Directed by the master of horrible cinema, Edward Wood Jr., Plan 9 From Outer Space is widely considered to be one of the worst movies ever created. The film features the outrageous plot which centers around an alien species’ desire to prevent us Earthlings from creating a doomsday weapon. Their plan to stop us? Raise our dead and force us to listen — and if we don’t listen, we’ll be killed in a zombie apocalypse. No joke. I can’t make up a plot this ridiculous.

But as terrible as the plot is, the filmmaking is even worse. The sets are all-too-clearly sets, the storytelling is scattered and nonsensical, and the acting is abysmal. Perhaps the worst offense, however, comes in the form of Bela Lugosi — the world famous actor who portrayed Dracula in his heyday. Wood had shot some footage of Lugosi before starting on Plan 9, and utilized it in the film. Lugosi’s character was meant to come back in the form of a ghoul, but with Lugosi’s being dead and all, Wood cast a completely different man in the role, covered his face with a cape, and hoped the audience simply would not notice the bait-and-switch. If you’re into terrible movies, you can’t go wrong with this.


A recent film on the list, Edge of Tomorrow was unlucky enough to follow Tom Cruise’s Oblivion, a science-fiction film that wasn’t received too well by fans or critics. As a result, when Edge of Tomorrow was first advertised, it almost looked like too similar of a film for anyone to bother heading to the theaters. The box office results suffered, but when all said and done, the film had strong legs in succeeding weeks, and largely did okay thanks to positive word of mouth.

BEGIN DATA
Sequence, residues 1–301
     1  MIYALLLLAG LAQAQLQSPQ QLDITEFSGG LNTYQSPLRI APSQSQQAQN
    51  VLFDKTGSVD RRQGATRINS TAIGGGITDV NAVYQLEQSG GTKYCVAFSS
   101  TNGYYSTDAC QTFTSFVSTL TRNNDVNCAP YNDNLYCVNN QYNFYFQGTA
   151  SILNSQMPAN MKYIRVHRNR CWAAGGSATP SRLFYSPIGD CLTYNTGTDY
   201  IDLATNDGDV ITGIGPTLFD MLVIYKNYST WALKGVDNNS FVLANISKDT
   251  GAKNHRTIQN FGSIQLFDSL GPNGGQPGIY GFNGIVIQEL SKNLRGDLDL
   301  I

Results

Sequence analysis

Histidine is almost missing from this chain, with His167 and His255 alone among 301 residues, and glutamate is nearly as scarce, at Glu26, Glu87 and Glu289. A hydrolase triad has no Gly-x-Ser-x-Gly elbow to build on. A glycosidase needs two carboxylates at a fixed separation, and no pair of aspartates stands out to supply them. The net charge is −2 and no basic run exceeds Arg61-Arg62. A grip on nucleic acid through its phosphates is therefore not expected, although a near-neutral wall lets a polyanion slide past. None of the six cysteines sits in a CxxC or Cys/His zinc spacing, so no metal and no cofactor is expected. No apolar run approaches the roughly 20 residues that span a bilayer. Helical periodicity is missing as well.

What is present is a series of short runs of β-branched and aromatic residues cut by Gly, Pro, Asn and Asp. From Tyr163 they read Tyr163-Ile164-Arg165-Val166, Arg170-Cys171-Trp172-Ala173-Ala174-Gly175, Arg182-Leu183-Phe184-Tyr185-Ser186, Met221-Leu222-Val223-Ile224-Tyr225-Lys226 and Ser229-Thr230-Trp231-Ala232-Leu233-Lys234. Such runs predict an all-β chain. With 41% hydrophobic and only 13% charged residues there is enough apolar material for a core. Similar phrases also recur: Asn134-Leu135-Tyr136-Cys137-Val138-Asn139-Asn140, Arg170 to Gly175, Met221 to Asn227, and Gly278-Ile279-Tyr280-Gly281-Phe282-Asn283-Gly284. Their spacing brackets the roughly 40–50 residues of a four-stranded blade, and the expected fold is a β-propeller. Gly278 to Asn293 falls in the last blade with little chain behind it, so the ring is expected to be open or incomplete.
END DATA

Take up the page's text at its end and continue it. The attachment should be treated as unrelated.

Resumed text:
The story follows selfish Major William Cage, who is thrown to the frontlines of an campaign to fight off their would-be alien invaders. He is killed relatively early in battle, only to wake up prior to the tragic battle. He then finds himself in a Groundhog Day-type time loop, and each time he replays the events, he gets closer and closer to finding a way to defeat these alien foes. Not only is this a great action flick, but it’s a well told science-fiction story that takes advantage of genre tropes, all while imbuing it with an extra dose of modern sensibility and comedy.


Had a go with a classic for this one. No, it doesn’t necessarily hold up to today’s standards in terms of the actual filmmaking, but there is something quite magical about the interpretation of science-fiction in the 1950s. There was something imaginative and pure that’s been lost since then, and as such, it’s hard to take away from that aspect of the movie.

The story itself revolves around the events following a UFO landing on Earth, whose inhabitants have come to the planet with peaceful intentions. In true Earth fashion, the alien is met with distrust and hostility, and is in many ways is a commentary on the stupidity of mankind. The premise itself isn’t entirely unlike Plan 9 From Outer Space, only it is executed with a much steadier hand. Obviously, as an older film, it doesn’t have the draw of more modern movies, but if you’re a cinephile, you’ll want to add this to your list of sci-fi must-sees. 

What do you think of this list? What movies were left out that are you personal favorites? Let us know in the comments down below!